Tears of the Kingdom features the scariest enemy in Zelda history

Enemies under the blood moon in Tears of the Kingdom
(Image credit: Nintendo)

Between solving puzzles and navigating the sky, mainland, and the depths in The Legend of Zelda: Tears of the Kingdom, you’re bound to come face to face with some of the towering species that roam the land. In The Legend of Zelda: Breath of the Wild, we met the likes of Lynel and Hinox which felt like a feat to face with three heart containers to your name, but before long you could take them on with a well-timed flurry rush and a pocket full of snacks. 

Boss battles played a part in the general experience, but they didn’t feel as make or break as they have in previous games. You can imagine my surprise in The Legend of Zelda: Tears of the Kingdom being home to a number of genuinely intimidating bosses. Of course, I expected to find a few familiar faces, but there is a whole new realm of horror I wasn’t expecting to face, and frankly, it’s a welcomed addition.  

Doom and gloom 

A Sky Island Guardian in The Legend of Zelda Tears of the Kingdom

(Image credit: Nintendo)

While running through Hyrule on my trek to the next tower, I noticed a significantly large patch of gloom in the distance. Since the whole world is plagued at this point, you wouldn’t really think twice about it, right? Between the rolling clouds pouring out of the castle and the thick coating diving into chasms, the gloom is everywhere, but it’s pretty harmless until you step foot inside it and notice your hearts rapidly depleting.  

I naively approached this new patch in an attempt to jump over and reach the next tower, but to my surprise, it was more animated than any other gloom I’d seen and a swarm of hands suddenly sprung through the ground. I’ll admit, doesn’t sound too scary at first, but when an unknown and unidentifiable mass is barrelling toward you, grasping at whatever part of your character it can in an attempt to cause serious harm, it’s pretty terrifying as you bolt in every direction you can in a frantic rush to get away.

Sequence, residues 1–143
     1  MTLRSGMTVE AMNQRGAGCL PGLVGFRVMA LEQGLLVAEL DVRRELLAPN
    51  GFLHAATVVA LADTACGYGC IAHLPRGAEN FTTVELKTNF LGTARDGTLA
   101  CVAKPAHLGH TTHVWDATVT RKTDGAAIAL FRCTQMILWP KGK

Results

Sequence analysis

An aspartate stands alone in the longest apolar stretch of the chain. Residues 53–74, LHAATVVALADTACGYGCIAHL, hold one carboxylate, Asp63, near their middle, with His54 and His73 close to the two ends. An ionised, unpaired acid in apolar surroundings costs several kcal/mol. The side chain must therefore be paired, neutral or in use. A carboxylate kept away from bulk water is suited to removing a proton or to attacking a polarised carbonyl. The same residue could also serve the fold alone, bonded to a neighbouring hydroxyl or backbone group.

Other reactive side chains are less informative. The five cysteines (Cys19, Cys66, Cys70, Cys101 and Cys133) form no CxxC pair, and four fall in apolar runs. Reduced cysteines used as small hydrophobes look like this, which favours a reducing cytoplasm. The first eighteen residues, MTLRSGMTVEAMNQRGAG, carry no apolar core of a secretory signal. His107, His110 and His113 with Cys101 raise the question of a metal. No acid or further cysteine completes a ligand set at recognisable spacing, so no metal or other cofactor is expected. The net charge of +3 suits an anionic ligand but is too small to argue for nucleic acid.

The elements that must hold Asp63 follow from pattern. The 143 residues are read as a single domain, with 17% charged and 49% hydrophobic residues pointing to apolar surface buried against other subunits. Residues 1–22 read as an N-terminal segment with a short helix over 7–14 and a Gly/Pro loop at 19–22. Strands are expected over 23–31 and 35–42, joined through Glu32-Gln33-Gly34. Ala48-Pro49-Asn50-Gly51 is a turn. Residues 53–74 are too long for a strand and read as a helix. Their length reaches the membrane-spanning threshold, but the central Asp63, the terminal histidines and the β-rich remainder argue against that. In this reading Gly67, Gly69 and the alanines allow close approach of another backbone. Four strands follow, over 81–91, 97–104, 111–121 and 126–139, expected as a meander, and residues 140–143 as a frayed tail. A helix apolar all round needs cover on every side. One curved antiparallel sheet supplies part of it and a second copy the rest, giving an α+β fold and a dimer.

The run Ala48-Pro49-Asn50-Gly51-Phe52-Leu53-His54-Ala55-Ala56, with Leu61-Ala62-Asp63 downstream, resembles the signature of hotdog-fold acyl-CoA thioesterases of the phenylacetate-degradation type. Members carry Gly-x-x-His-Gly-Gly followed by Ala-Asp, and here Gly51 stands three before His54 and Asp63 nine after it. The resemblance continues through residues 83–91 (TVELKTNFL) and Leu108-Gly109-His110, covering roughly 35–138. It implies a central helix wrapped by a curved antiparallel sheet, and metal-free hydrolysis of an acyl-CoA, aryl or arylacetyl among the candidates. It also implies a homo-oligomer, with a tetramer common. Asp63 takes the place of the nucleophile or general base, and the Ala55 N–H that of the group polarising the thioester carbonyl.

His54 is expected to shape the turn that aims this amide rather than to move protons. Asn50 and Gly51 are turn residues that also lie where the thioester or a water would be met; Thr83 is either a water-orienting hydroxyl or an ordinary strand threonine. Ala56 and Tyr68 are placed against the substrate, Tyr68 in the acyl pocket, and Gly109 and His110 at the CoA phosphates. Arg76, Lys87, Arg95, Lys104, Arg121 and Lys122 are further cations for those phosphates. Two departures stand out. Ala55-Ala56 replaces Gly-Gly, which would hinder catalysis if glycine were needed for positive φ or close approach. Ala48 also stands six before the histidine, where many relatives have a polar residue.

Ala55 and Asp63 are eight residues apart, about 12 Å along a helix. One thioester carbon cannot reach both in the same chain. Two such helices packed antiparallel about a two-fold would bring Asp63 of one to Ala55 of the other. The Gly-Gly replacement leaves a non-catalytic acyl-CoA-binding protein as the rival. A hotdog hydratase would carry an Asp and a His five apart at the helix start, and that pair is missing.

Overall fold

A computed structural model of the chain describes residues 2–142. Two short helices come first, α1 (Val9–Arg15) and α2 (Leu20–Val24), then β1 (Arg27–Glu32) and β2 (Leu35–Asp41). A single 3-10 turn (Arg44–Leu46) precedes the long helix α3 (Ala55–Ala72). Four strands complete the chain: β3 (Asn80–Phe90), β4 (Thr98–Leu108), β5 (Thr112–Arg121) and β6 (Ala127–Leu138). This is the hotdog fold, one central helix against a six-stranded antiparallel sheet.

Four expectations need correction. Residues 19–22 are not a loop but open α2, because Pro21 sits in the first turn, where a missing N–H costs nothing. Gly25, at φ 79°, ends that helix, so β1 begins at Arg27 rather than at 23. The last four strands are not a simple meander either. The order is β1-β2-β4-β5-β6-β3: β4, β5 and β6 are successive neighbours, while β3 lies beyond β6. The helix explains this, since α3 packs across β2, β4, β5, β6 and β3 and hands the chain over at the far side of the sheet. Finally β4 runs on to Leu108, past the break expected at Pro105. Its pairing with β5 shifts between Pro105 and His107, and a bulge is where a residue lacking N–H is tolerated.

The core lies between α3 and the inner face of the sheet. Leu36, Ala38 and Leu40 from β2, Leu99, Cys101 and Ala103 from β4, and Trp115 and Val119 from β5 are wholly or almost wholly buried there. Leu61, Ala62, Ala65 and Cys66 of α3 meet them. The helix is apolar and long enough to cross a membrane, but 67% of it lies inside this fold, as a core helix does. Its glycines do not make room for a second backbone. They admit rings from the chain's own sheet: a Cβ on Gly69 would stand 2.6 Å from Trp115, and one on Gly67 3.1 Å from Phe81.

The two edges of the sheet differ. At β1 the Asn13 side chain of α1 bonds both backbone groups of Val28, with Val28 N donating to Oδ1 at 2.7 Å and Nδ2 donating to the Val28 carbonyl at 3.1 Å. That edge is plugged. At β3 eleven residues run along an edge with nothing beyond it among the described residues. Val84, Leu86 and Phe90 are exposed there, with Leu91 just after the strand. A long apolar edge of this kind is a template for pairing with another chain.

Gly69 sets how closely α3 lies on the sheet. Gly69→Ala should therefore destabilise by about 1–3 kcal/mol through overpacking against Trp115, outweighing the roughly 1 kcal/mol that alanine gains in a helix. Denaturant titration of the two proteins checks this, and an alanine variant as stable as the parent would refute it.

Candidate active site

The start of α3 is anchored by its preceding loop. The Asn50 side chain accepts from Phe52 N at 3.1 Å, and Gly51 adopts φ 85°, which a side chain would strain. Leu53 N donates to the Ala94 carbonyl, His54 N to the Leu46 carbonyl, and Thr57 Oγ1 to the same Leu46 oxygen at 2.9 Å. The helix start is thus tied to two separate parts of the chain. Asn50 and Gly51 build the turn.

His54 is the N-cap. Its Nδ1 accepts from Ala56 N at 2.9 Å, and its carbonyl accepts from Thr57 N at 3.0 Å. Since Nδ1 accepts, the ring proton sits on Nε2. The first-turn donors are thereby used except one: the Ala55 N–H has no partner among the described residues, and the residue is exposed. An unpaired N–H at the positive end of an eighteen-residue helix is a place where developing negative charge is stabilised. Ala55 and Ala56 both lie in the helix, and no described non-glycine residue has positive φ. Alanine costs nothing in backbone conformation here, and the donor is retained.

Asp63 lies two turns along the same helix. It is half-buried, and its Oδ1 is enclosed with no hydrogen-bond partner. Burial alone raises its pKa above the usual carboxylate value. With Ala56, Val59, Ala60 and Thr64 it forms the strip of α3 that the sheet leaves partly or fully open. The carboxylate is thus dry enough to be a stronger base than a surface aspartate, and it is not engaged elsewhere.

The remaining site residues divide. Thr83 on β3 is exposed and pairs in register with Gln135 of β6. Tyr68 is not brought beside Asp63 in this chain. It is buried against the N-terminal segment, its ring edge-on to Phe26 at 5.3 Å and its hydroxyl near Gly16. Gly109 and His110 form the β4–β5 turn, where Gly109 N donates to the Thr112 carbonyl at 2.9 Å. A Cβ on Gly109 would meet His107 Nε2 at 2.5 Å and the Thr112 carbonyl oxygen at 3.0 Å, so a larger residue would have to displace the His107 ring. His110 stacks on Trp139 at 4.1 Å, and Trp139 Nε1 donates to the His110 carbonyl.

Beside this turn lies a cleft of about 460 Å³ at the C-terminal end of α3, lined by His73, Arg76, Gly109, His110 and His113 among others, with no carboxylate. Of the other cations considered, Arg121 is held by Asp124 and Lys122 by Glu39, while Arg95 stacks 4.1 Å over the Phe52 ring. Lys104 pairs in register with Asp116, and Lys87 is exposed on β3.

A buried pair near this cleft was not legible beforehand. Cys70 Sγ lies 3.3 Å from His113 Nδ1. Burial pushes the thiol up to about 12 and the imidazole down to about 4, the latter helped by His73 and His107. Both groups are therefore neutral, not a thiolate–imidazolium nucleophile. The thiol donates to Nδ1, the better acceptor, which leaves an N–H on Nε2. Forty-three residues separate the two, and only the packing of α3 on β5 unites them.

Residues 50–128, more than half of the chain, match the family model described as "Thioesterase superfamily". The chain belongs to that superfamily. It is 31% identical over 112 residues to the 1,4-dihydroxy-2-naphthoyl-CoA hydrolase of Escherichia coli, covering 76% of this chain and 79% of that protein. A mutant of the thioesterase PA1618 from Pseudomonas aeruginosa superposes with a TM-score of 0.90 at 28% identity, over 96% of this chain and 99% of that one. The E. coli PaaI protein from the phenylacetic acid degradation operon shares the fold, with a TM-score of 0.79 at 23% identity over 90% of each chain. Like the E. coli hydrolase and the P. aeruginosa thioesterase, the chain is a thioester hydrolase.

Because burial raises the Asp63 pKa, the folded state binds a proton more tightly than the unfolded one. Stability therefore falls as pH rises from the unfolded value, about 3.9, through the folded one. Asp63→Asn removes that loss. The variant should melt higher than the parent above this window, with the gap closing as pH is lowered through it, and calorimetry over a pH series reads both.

When you’re in the moment of exploring Hyrule, you don’t really think twice about what threats will rear their heads. Sure, the odd Bokoblin is easy enough to face. Even Moblin’s don’t propose much threat once you’ve got your grips with your weapon, until a literal Eldritch horror comes hurtling in your direction. The split second of processing that you’re in danger passes, and your fight and flight really kicks in, which I think helps further cement the differences of Tears of the Kingdom compared to the lighter tone of Breath of the Wild

The new bar of boss  

Link running away from a monster

(Image credit: Nintendo)

I’m usually pretty brave when it comes to combat, especially in games like Tears of the Kingdom where I know I’ll be able to eat my body weight in steamed fruits and slowly chip away at the health bar of any enemy. However, I have to shamefully admit that Gloom Hands had me running as far as I could in the opposite direction, and when that still wasn’t fast enough and my real life screams weren’t deterring any attacks, I resorted to fast travel just to escape with what remained of my rapidly dwlindling hearts. 

Once I’m in a position to return to face what I can only describe as hell incarnate, I’m sure I’ll be brave enough to act fast and show those hands who’s in charge. But while I’m only a few hours into gameplay and my fused weapons are more comical than they are useful, I think I’ll spend more of my time running around and solving shrines before taking on any more horrors, because I know Gloom Hands is just the beginning of what's to come, too. 

Generally, I think enemy design in Tears of the Kingdom is some of the best yet. I loved Breath of the Wild and the various forms of Ganon you meet in the Divine Beasts, don’t get me wrong, but compared to stumbling into a Gleeok in the wild or facing off with what inhabits the desolate ruins across Hyrule, it pales in comparison. There definitely feels like some heavy inspiration from enemies in older games like The Legend of Zelda: Ocarina of Time and The Legend of Zelda: Majora’s Mask, and I’ll say now I feel the same level of childlike fear as I did back then, and I love it. 

Kara Phillips
Evergreen Writer

Kara is an Evergreen writer at TechRadar Gaming. With a degree in Journalism and a passion for the weird and wonderful, she's spent the last few years as a freelance video game journalist, with bylines at NintendoLife, Attack of the Fanboy, Prima Games, and sister publication, GamesRadar+. Outside of gaming, you'll find her re-watching Gilmore Girls or trying to cram yet another collectible onto a shelf that desperately needs some organizing.